REVIEW: Maysles Classic Altamont Doc "Gimme Shelter" Still the Best
by Mia Mask
“Gimme shelter, protect me from the burning rays of the sun. Keep away the evil, be it originated by nature or man. Gimme shelter, help me that so many cruel deeds won’t be done.”
(indieWIRE/ 8.17.2000) –It’s not an exaggeration to say Albert and David Maysles‘ famous documentary “Gimme Shelter” (1970), now playing at New York’s Film Forum, about the Rolling Stone‘s ill-fated free concert at the Altamont Speedway, is the best rock film ever made. It is. And you don’t have to like the Stones — or enjoy rock music — to appreciate why the picture holds such a privileged place in film history and American culture. A cult classic, “Gimme Shelter” is more than a concert film. It’s a multi-layered palimpsest upon which social, artistic, historical and cultural ideas are scribed.
The film captures the irrational social phenomenon of American stardom, which inevitably leads people to behave unreasonably, and, in large numbers, feel perfectly justified in losing self-control. Artistically, it marks the apex of a creative moment in American documentary filmmaking when “direct cinema” pioneers Robert Drew, Richard Leacock, D.A. Pennebaker, Frederick Wiseman and the Maysles brothers were at the height of their prolific careers. Cinematically, the film lingers on the charismatic persona of Mick Jagger, who — like Tina Turner, David Bowie, Santana, and Sly & the Family Stone — symbolized the ethos of the era. Through Jagger’s naïve idealism, famous swagger and the Stones’ blithe worldview, “Gimme Shelter” evokes the counter-cultural politics, sexual permissiveness and laissez faire philosophy of the sixties.
Initially, the documentary was to chronicle the Rolling Stones’ 1969 tour of the United States, but became something entirely different. The then so-called “bad boys from England” intended to host a free, San Francisco-based concert as a “thank you” to America. Unable to locate a venue, the concert was finally set at the Altamont Speedway with little advanced planning or foresight. Security was provided by the Hell’s Angels — hired by the Stones on the recommendation of the Grateful Dead — and were paid for their services in beer. The Stones previously used Hell’s Angels for security at a Hyde Park concert without problem, not realizing Hell’s Angels in the U.S. were more riotous, prone to excessive drug use and known for fanaticism. “Gimme Shelter” vividly captures the Angels beating people with pool cues, throwing full beer cans and even assaulting one musician. Obviously, the Angels didn’t comprehend the scene. Rather than grooving to the Stones’ and contentedly consuming their beer, they took the concert at Altamont as an opportunity to open up a can of whoop-ass on the audience.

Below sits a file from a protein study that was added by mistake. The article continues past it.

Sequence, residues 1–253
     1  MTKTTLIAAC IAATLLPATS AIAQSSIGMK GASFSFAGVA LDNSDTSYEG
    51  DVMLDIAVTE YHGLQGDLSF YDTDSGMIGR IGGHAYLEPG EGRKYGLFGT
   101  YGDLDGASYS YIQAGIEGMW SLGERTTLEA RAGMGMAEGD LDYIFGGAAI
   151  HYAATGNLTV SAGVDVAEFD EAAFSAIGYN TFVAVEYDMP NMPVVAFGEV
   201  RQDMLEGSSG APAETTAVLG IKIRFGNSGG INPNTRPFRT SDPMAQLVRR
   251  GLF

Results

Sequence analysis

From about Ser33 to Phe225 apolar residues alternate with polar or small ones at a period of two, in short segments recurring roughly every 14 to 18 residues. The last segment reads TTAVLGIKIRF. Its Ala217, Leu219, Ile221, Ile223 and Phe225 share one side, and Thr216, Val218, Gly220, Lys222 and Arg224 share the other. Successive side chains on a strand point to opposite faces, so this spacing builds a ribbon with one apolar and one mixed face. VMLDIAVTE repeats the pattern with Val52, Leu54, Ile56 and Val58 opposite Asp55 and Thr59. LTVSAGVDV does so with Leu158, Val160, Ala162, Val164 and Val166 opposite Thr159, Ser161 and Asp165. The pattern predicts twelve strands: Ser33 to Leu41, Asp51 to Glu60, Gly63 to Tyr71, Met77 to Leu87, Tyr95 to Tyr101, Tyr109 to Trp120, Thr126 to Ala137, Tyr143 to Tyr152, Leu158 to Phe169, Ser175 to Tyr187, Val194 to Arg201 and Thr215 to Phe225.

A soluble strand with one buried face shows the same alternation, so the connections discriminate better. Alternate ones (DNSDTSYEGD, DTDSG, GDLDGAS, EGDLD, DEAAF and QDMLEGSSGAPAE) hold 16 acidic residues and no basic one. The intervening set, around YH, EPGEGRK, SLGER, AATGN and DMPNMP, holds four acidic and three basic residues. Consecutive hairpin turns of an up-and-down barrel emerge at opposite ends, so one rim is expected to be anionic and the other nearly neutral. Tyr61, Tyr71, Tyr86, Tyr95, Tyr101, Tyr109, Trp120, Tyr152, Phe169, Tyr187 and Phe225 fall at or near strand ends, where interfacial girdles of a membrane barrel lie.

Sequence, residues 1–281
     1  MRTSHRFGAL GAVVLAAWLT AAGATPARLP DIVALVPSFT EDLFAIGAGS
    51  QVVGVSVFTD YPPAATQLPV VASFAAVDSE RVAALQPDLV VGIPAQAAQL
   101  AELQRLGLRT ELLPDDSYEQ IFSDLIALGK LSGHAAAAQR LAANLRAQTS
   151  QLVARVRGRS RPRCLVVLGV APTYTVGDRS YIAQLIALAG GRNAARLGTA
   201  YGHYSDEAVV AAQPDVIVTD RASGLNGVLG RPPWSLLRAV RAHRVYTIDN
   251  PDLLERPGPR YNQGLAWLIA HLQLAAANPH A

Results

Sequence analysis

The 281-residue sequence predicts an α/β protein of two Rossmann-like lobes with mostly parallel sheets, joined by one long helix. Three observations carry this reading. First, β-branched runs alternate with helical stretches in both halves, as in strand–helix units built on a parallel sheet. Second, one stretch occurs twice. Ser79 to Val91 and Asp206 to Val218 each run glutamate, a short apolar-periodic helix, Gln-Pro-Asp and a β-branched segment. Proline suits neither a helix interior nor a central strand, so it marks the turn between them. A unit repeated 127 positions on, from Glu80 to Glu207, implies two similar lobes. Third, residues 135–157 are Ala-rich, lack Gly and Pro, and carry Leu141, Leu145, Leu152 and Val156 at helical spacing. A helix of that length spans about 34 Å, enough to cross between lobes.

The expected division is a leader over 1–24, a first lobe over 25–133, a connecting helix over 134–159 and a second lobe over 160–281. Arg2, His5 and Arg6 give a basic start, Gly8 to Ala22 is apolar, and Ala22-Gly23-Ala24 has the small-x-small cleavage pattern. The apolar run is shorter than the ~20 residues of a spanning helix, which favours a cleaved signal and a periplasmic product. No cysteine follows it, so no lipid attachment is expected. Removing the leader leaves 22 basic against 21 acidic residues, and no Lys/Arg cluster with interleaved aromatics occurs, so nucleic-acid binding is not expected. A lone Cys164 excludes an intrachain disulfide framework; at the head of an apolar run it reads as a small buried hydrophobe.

By the time the Stones got on stage, fights were appearing all over the crowd. The Angels got into a fight with 18-year-old African American, Meredith Hunter, who, when he pulled out a gun, was stabbed to death by one Angel in the camera’s view. By this point, the Stones were playing “Under My Thumb,” and were valiantly trying to calm the audience. They were aware some disturbance was occurring, but didn’t realize someone had been killed. Three other deaths occurred at Altamont that day: 2 people in sleeping bags were run over, and one person drowned in a puddle.
Stylistically, the picture adheres to tenets of direct cinema. The Maysles continually cross cut between disparate footage as if it were equivalent. The result: cinematic tapestry, introducing moral ambiguity around the parties (directly and indirectly) responsible for violence. The direct responsibility of the Hell’s Angels for perpetuating an unruly mob is irrefutable. Those indirectly culpable included famed, international trial attorney Melvin Belli (who provided legal aid to stars like Mae West, Errol Flynn, Tony Curtis, and Lana Turner) and the Rolling Stones themselves. The film juxtaposes footage of Jagger expressing hopes for the concert (“It will set an example to the rest of America, as to how one can behave in nice gatherings”) with footage of pre-performance setup that looks like a recipe for disaster. Belli was chief among irresponsible parties and the Maysles catch him scrambling to make things lawful at the last minute by poking legal fun at the health and safety concerns of local officials.
What’s amazing about the vision, execution and editing of “Gimme Shelter” is that it’s as if the Maysles saw everything coming: the misguided concept, the cult of celebrity, the lack of planning, the bad LSD trips, and most of all, the excessive violence which led to murder. What should have been a West Coast Woodstock fell prey to the militancy of a Harley nation, rapidly moving from the dangerous and deadly.
[Mia Mask is a contributing film critic to indieWIRE.]